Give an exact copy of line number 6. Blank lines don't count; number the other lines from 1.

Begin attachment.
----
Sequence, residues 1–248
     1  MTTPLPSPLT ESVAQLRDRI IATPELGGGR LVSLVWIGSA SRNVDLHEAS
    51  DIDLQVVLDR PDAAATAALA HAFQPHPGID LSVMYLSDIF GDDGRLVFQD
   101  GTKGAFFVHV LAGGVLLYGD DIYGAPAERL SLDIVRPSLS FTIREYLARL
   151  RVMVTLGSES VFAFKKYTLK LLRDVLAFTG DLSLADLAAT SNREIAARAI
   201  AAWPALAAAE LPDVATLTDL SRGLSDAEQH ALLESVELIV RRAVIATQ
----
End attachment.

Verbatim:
   201  AAWPALAAAE LPDVATLTDL SRGLSDAEQH ALLESVELIV RRAVIATQ